If the walls of White Oaks could talk, they’d could tell some cinematic tales of Cleveland’s history. The onetime speak-easy, which opened in 1928 during Prohibition, is outfitted with a night watchman’s quarters, a double-mirrored door and other features of a former underground establishment — all of which add to its mystique. “There were passwords and all of the stuff that goes along with the illegality of serving booze back in the day,” says proprietor Mike Small whose father, Anthony, bought the restaurant in 1971 from Byron Spooner, son of the original owner Mike Spooner.
Over the years White Oaks established itself as a fine-dining destination, known for its creekside location and continental cuisine. “People say a restaurant does most of its business [within] a five-mile radius, but we are certainly a destination place,” Small says, referring to the restaurant’s location in a residential area on Cahoon Road in Westlake. “You have to know you’re coming here. To me, that’s a tribute to us.”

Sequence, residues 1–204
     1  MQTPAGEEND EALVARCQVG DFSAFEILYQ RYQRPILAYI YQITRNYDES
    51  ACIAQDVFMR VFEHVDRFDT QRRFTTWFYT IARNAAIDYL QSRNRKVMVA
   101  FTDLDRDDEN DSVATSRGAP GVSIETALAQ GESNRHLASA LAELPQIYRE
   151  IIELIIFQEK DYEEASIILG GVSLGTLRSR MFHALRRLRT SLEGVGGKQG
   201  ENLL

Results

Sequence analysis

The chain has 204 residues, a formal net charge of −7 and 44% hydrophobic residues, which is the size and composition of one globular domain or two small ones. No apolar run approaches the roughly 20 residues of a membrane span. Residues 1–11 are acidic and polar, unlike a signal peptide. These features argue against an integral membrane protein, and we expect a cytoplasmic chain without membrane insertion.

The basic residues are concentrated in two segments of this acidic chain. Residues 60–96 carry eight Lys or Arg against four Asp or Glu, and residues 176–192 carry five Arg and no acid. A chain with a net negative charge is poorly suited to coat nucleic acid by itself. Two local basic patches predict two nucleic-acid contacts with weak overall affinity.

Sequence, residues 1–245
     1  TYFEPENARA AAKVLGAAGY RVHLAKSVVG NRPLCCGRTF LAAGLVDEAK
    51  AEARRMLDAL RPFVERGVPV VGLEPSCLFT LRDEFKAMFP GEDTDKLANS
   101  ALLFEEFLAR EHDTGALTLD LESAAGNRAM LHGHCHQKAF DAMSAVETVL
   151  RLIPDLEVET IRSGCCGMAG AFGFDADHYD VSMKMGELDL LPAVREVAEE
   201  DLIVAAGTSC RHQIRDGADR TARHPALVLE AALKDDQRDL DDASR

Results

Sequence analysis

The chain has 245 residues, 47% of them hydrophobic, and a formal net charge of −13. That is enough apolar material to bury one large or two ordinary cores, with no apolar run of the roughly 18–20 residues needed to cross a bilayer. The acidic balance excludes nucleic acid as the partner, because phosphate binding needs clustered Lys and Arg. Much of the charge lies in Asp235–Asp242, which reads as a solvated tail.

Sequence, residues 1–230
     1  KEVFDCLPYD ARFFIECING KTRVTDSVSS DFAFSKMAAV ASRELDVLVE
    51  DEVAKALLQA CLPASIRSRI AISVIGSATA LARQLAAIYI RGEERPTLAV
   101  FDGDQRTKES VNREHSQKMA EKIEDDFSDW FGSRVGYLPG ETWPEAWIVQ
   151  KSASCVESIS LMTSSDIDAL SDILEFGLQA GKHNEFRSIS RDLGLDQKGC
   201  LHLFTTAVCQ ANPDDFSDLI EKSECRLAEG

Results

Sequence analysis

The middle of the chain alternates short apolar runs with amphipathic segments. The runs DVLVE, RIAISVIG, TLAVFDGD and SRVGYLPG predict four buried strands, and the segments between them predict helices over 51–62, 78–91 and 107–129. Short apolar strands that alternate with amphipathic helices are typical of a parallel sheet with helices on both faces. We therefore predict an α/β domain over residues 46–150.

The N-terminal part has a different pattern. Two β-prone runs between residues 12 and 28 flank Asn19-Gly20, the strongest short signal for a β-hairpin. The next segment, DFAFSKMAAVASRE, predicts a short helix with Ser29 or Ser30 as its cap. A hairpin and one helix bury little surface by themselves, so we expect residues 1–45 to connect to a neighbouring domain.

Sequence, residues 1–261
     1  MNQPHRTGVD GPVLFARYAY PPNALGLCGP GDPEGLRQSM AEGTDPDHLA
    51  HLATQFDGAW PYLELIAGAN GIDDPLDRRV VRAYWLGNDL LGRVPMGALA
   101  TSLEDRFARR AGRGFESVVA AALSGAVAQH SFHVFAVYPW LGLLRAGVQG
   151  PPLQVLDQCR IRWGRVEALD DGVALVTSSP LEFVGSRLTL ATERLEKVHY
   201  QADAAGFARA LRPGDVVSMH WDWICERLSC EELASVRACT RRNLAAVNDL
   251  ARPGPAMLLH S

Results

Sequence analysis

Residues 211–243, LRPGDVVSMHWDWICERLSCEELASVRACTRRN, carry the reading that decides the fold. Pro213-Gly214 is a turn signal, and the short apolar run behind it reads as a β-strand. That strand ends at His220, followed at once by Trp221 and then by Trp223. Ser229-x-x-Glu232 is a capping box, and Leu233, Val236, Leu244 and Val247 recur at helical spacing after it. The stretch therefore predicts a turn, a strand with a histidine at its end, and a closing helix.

On the restaurant’s ambiance: My dad had the vision of expanding the restaurant east toward the creek, and that’s what he did. About 10 years after he bought it, we added on 150 feet. The entire east wall is glass and overlooks a ravine. Some people have referred to it as a tree house. Every day at 5 p.m., we have all kinds of patrons looking at ducks, deer and fox down there.
On keeping the menu the same: Some people would say it’s old-school. To me, that’s a good thing. Joe Crea, the [former] food critic for the The Plain Dealer, said nothing ever changes here. He acted like that was a bad thing. We do a beef Wellington, which barely anybody serves anymore. It’s a medium-rare tenderloin wrapped in puff pastry, topped with mushrooms and a bordelaise sauce. People come from everywhere for it.
On striving for quality: We have a freezer, but for the most part we only use it for ice cream. You could make demi-glace with beef stock, water and cornstarch, but there’s no way it’s going to taste like ours. We start with 100 pounds of veal bones and add tomatoes, mirepoix [a combination of onions, celery and bell peppers] and reduce it down overnight, then deglaze it with red wine. I think to myself, We could make it so much easier and cheaper, but it’s one of our main sauces.
When You Go: White Oaks / 777 Cahoon Road, Westlake, 440-835-3090, white-oaks.com
Read More: Click here to read the full list of 18 Classic Cleveland Restaurants.